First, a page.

Israeli air strikes are pounding the Gaza Strip for a sixth consecutive day as fears of a humanitarian disaster in the besieged Palestinian enclave mount.
Israel on Thursday said it has dropped 6,000 bombs weighing 4,000 tonnes on Gaza in the past six days, killing more than 1,400 people.
Officials in Gaza said the dead included 447 children, 248 women and 10 healthcare workers. More than 150 people were killed on Thursday alone.
Entire neighbourhoods in Gaza – home to 2.3 million people, half of them children – have been destroyed by the incessant bombing, forcing 338,000 Palestinians to flee their homes and take shelter.
The death toll in the occupied West Bank has also surged to 31 while more than 600 people have been injured, according to the Palestinian Ministry of Health.
On the Israeli side, at least 1,300 people have been killed since the armed Palestinian group Hamas attacked southern Israel and took at least 100 people captive on Saturday.
Israel has imposed a complete siege of Gaza, cutting access to food, water, medicines and fuel, as its forces prepare for a possible ground assault.
Here is a recap of the latest developments:
Gazans rendered homeless by bombing
The United Nations humanitarian office said Israeli bombardment of Gaza has levelled more than 1,000 homes since Saturday while another 560 housing units have been severely damaged and rendered uninhabitable.
More than 12,600 homes have sustained damage due to Israeli air strikes, said the agency, called the Office for the Coordination of Humanitarian Affairs (OCHA).
It said the reduction in water supplies due to Israel tightening its siege on the strip has resulted in dire water shortages for more than 650,000 people.
Sewage systems have been destroyed, OCHA added, sending fetid wastewater into the streets and posing a health hazard.
Israeli air strikes have made cemeteries in Gaza dangerous to reach so mourning families are burying their dead in informal graveyards dug in empty lots, reports said.
Hospitals ‘risk turning into morgues’
Human rights groups said Gaza’s health system, already stretched to its limits by a 16-year blockade, is on the verge of complete collapse. The enclave’s only power plant was forced to shut down on Wednesday after it ran out of fuel.
The International Committee of the Red Cross (ICRC) said Gaza’s hospitals “risk turning into morgues” as severely wounded civilians, including infants, are rushed inside its crowded wards, where beds and medical supplies are running out.
“As Gaza loses power, hospitals lose power, putting newborns in incubators and elderly patients on oxygen at risk,” said Fabrizio Carboni, the ICRC’s regional director.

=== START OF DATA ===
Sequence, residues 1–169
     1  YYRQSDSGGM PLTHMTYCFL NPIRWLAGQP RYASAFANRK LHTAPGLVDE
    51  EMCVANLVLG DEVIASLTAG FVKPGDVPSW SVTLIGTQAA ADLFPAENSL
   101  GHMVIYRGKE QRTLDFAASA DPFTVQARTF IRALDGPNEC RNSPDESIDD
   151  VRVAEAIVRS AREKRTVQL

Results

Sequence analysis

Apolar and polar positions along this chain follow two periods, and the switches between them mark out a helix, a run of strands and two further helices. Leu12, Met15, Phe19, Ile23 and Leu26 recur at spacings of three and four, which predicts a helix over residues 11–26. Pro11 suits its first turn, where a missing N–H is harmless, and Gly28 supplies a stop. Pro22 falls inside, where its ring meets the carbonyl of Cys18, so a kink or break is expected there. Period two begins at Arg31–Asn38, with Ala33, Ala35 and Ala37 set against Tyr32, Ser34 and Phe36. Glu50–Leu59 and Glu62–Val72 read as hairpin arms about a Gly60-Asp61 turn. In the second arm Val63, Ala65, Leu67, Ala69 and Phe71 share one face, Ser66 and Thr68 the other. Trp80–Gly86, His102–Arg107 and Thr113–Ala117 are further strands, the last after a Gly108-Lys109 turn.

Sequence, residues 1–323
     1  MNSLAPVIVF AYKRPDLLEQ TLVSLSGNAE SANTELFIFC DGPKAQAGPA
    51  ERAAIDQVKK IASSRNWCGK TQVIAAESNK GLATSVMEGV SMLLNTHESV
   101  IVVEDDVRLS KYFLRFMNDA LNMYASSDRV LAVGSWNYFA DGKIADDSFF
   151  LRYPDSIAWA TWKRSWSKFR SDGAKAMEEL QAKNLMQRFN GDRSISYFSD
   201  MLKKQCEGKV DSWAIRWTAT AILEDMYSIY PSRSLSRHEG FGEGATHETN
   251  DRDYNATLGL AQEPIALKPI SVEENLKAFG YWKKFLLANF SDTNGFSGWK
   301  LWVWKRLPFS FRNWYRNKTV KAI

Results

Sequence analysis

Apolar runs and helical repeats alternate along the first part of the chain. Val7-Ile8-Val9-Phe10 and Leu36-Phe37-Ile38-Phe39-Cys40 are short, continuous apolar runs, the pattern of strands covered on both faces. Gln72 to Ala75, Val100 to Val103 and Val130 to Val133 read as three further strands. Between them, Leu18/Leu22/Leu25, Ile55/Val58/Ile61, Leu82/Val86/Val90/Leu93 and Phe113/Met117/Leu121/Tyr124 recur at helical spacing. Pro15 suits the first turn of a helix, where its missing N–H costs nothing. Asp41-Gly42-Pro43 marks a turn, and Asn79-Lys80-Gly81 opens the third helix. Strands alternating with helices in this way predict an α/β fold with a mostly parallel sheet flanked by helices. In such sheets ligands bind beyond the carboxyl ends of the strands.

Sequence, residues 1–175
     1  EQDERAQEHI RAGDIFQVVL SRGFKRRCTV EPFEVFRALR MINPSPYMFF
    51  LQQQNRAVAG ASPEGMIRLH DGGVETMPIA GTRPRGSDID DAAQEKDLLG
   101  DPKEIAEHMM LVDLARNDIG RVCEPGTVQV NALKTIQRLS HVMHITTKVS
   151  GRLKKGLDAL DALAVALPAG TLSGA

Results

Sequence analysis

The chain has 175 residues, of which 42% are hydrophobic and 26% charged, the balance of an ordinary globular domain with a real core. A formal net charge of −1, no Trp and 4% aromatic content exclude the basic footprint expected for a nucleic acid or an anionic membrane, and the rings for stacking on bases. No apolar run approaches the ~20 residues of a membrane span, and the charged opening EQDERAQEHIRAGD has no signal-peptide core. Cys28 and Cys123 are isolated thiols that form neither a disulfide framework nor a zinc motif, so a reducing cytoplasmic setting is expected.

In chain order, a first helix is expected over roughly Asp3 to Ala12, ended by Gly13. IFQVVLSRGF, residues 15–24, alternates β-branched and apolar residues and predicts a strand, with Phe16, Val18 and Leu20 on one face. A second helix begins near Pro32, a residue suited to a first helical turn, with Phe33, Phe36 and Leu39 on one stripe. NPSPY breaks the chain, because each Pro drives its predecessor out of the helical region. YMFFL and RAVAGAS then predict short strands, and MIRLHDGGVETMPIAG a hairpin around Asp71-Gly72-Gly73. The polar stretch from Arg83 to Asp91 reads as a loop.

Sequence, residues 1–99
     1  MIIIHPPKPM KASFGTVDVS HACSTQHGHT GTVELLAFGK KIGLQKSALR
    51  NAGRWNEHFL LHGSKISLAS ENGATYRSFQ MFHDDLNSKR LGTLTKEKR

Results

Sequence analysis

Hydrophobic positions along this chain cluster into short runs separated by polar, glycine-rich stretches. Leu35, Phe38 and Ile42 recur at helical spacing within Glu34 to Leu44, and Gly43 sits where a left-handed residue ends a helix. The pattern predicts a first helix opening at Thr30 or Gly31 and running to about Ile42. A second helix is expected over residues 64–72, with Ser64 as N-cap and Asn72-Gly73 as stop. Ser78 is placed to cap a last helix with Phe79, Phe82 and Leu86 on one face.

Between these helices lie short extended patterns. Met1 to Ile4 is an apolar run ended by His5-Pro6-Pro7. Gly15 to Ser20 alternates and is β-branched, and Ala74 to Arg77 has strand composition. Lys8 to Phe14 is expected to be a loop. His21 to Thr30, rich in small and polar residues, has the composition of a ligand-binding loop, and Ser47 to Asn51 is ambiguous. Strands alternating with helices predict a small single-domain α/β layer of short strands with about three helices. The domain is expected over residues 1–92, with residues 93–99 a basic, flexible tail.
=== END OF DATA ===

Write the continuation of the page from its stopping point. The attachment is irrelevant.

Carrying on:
OCHA said all 13 hospitals in the territory are only partially operational due to severe shortages of fuel and crucial medical supplies.
Israel on Thursday said there would be no humanitarian exceptions to its siege of Gaza until all its hostages are freed by Hamas.
“Humanitarian aid to Gaza? No electrical switch will be lifted, no water hydrant will be opened and no fuel truck will enter until the Israeli hostages are returned home,” Israeli Energy Minister Israel Katz said in a social media post.
Egypt says facilitating aid flights to Gaza
Egypt on Thursday said it was directing international aid flights for Gaza to an airport in northern Sinai although Israeli bombardments along the border have so far hampered the delivery of the relief.
The Rafah border crossing between the Sinai and Gaza remained open, the Egyptian Ministry of Foreign Affairs said, adding that Egypt asked Israel to avoid targeting the Palestinian side of the crossing after strikes prevented normal operations there.
Israel’s bombing and total siege on Gaza has caused alarm in Egypt, which shares a border with the south of the narrow coastal enclave.
El Arish airport in northern Sinai, about 45km (28 miles) from the Gaza border, was prepared to receive aid deliveries from Qatar and Jordan, but these would not leave the airport until humanitarian corridors had been established, Egyptian security sources told the Reuters news agency.
US secretary of state in Israel
United States Secretary of State Antony Blinken arrived in Israel on Thursday as President Joe Biden’s administration seeks to send a message of unequivocal support to its ally Israel and deter regional forces hostile to it from joining the fight alongside Hamas.
Blinken addressed reporters in Tel Aviv, saying the death toll for US citizens killed in the attacks by Hamas has risen to at least 25, up from 22 on Wednesday.
Israeli Prime Minister Benjamin Netanyahu said: “Thank you, America, for standing with Israel today, tomorrow and always.”
Also on Thursday, US Secretary of Defense Lloyd Austin said he expected Israel’s military to “do the right thing” as it prepares for a ground assault on Gaza. He said the US has placed no conditions on military assistance to Israel.
Rights groups worry that, facing little outside pressure, Israel’s assault on Gaza could move forward with little regard for civilian casualties or adherence to international law.
Palestinians killed by settlers in West Bank
While the world’s focus has been fixed on events in Gaza and Israel, tensions in the occupied West Bank are also at a boiling point with an Israeli lockdown in place and Israeli settlers killing several Palestinians in a series of attacks over the past week.
On Thursday, a Palestinian father and his son were shot dead by Israeli settlers and soldiers taking part in a funeral procession held for four Palestinians killed in a settler attack the day before.
Also on Thursday, two Palestinians were injured by Israeli forces in a shooting near a police station in occupied East Jerusalem.
Israeli police said they opened fire at a group of Palestinians after one man allegedly shot at the police station.__Courtesy aljazeera.com